The design contains a number of different architectural influences – the vaulted ceilings of the main concourse and foyer and the terra cotta undersides of the marquees and the travertine walls and pillars are Italian influenced, there are exotic ceiling motifs, crests of British heraldry, chandeliers of Czechoslovakian crystal, Moorish-inspired organ screens, and Baroque ceiling and dome covers.
When I walk around the Orpheum, the combination of the red carpet and the eerie light cast from the chandeliers, reminds me of Stanley Kubrick’s movie The Shining. To scroll through the gallery of images click on the first image and then use the left and right keys on your keyboard.
I was fortunate to see an exhibition of the American photographer Walker Evans at the Vancouver Art Gallery. He was a photojournalist best known for his work for the Farm Security Administration (FSA) documenting the effects of the Great Depression. Much of Evans’s work from the FSA period uses the large format, 8 x 10 inch camera. Many of his works are in the permanent collections of museums. I really enjoyed looking at some of his cameras and street photography which included photos of store signs. I would recommend seeing this exhibition which ends on January 22nd.
Vancouver Island is a great place to visit and live. Island life is more laid-back when compared to the hectic pace of the Vancouver lower mainland. I was fortunate to experience some sunny weather when I was exploring with my camera. One of the things I noticed was at night when I was sleeping it was pitch dark and eerily quiet, you couldn’t hear another sound. In the lower mainland you experience noise and light pollution 24 hours a day and seven days a week. Some of the communities on Vancouver Island seem to be struggling like many small towns in Canada. Click on the image to see a larger version.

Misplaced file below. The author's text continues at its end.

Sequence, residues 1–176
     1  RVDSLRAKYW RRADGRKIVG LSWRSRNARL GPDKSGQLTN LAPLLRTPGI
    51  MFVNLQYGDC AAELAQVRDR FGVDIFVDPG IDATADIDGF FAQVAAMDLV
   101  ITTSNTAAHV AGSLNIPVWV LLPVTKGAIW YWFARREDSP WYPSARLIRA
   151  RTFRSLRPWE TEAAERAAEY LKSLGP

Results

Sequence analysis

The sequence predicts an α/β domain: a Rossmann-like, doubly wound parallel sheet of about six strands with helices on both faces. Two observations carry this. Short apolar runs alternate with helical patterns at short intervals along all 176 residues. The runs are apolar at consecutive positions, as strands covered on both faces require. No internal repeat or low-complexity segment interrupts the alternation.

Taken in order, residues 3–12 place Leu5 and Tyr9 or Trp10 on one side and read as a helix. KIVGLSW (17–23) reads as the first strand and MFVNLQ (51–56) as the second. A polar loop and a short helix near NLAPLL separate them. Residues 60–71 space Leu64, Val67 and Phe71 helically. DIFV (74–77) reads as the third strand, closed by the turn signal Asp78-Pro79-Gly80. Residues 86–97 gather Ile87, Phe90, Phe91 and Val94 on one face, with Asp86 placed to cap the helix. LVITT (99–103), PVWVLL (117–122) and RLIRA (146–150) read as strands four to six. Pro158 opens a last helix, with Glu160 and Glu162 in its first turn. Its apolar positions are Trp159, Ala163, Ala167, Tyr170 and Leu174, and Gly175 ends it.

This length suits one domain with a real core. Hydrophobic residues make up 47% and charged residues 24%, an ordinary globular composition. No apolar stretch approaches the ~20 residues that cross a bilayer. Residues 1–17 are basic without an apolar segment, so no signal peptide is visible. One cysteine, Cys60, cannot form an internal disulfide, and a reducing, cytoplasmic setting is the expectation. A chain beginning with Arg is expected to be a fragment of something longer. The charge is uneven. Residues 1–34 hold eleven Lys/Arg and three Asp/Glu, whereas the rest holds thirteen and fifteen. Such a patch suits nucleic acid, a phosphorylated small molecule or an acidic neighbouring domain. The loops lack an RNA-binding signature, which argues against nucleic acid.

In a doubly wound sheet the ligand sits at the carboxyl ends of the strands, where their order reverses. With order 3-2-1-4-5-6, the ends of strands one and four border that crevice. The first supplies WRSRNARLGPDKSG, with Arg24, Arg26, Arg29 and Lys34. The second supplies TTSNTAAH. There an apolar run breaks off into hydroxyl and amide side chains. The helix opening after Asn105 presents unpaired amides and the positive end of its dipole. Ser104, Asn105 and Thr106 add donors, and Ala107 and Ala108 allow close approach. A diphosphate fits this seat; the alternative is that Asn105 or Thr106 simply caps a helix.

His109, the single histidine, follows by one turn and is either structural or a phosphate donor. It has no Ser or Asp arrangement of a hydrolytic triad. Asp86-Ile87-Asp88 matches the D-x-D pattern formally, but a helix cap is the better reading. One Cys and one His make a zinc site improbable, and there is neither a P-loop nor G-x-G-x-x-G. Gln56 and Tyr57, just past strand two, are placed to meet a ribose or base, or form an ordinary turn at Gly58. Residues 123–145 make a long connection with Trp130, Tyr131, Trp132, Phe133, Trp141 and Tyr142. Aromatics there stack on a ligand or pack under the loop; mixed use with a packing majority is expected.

During the Winter Olympics in Vancouver a heritage electric railway was built for tourists. There is a station platform at the end of the line which is never used anymore. The bushes or vines are slowly creeping across the concrete of the station platform. Click on the image to see a larger version.
In the Fraser Canyon is the Alexandra bridge which was built in 1926 for the Cariboo highway. The last time automobile traffic was allowed across the bridge was in 1964. The Niaka’pamux and Sto:lo First Nations have lived in the area for over 9000 years. Because the canyon becomes narrow at this point it was an important fishing site. The first European people to visit the area were Simon Fraser and his crew during their expedition down the Fraser Canyon in 1808. I had the bridge all to myself and enjoyed exploring this vanishing part of British Columbia. Click on an image to see a larger version.
As I was driving across traditional First Nations land I came across this house with a sign showing support for Gino Odjick. He was born just outside of Maniwaki, Quebec on the Algonquin Native Reserve and played for eight seasons with the Vancouver Canucks. Number 29 was a very popular hockey player with fans and in First Nations communities across Canada. Click on the image to see a larger version.